President Biden’s tax plan could be a triple threat to the real estate market as well as to investors. Biden’s tax plan would hit both residential and commercial real estate because of three big tax changes. On one hand, the wealthy are busy trying to anticipate Biden’s tax increases and on the other, clients are flooding financial advisors with calls trying to predict which of President Biden’s tax proposals might become law. Now that the coronavirus relief package has become law, President Joe Biden is eyeing the government’s first major federal tax hike since 1993 aimed at funding the long-term recovery programs.
First would be the elimination of the so-called 1021 exchange that allows property investors to roll their gains from one investment property or the sale of one property into another without having to pay any capital gains tax. Under Biden’s tax plan, they would owe a capital gains tax that leads to the second major change, which entails that the capital gains tax would jump from 20% to 39,6% and would apply to the sale of real estate for those making more than a million dollars in one year.
Finally, there’s the elimination of the step-up in basis that would hit inherited property. This means that when inheriting any property, you would be liable to pay a capital gains tax on the gain even if you don’t sell it. However, this would only apply if your gain or income for that year amounts to over a million dollars.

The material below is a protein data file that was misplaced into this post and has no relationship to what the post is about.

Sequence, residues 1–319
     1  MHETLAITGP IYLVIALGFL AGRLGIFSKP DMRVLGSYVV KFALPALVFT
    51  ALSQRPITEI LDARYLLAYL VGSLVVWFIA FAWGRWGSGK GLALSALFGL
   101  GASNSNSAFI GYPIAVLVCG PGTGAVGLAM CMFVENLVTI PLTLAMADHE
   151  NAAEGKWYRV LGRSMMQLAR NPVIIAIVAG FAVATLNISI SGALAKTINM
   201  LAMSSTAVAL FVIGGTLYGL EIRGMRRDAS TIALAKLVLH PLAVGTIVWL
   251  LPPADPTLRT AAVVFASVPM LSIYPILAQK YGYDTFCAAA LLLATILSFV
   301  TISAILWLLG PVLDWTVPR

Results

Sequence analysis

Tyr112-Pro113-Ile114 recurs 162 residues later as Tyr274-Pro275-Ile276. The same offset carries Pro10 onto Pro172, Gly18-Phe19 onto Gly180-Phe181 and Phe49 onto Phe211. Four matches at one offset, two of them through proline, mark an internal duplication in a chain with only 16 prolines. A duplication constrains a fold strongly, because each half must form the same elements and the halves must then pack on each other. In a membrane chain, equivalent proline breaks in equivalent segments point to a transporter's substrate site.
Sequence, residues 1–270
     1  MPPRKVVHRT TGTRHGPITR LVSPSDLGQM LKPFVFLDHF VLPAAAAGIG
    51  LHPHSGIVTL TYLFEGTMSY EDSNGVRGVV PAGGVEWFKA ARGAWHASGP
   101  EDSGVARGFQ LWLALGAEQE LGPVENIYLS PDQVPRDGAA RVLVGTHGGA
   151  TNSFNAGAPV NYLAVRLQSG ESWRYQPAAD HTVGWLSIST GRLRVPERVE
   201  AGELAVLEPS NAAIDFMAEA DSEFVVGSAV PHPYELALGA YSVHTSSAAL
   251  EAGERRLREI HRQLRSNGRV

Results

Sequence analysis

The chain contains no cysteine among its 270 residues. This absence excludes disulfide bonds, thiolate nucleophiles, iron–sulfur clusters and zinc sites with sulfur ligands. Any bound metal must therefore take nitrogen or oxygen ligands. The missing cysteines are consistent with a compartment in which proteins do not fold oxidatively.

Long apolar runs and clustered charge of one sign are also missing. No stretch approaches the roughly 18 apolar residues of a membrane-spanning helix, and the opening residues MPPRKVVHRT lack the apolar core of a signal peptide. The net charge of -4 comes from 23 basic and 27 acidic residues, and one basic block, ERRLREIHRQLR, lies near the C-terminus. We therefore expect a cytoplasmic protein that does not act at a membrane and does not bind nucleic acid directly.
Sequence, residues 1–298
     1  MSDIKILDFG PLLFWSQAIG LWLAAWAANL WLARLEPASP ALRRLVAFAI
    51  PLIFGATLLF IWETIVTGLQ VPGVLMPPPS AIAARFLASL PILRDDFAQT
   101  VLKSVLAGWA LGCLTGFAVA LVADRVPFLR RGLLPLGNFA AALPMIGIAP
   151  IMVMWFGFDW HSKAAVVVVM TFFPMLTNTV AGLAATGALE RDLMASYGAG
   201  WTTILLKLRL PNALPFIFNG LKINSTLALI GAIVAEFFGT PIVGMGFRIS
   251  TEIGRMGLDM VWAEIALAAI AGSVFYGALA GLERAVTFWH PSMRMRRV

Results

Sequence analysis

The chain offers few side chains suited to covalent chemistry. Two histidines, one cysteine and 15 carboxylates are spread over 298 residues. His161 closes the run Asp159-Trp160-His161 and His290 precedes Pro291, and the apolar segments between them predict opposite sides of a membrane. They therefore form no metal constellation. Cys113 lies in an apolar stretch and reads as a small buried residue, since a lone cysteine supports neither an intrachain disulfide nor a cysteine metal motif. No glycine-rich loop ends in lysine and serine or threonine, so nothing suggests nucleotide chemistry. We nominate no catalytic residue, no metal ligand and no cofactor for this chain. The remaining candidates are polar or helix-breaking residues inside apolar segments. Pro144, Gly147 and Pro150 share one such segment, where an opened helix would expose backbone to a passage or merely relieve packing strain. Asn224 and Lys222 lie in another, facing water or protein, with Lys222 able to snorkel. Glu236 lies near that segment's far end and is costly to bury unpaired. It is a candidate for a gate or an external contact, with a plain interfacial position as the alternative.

The real estate industry can already be seen juggling with these changes and are already out in force to fight these measures. A letter was addressed to Treasury Secretary- Janet Yellen by the National Association of Realtors saying, “…these proposals would reduce growth, shrink affordable housing and penalize many hardworking and enterprising Americans who have spent their lives saving and building equity in their property.”
Consequently, these changes have drawn great criticism in areas that will highly disadvantage certain groups of people. For example, it would be highly unfair for those families that have owned properties that have largely increased in value over generations to pay the highly increased value of tax that is being introduced.
In brief conclusion, due to the only congress having the power to tax and spend, Biden’s tax plan will require congressional approval before it can become law. Therefore, only time will tell whether or not these law changes play out their part in the distant future.